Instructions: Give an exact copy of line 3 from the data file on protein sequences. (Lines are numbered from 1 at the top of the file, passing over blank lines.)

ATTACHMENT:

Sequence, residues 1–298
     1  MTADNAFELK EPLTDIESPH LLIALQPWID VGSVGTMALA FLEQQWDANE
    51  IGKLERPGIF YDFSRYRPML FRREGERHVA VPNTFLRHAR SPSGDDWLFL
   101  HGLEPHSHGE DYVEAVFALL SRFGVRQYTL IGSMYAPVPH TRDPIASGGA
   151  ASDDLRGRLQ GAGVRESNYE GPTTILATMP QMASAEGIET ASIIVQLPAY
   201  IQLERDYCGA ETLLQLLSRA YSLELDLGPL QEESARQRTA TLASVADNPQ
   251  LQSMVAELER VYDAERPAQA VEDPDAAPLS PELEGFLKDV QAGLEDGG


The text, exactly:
    51  IGKLERPGIF YDFSRYRPML FRREGERHVA VPNTFLRHAR SPSGDDWLFL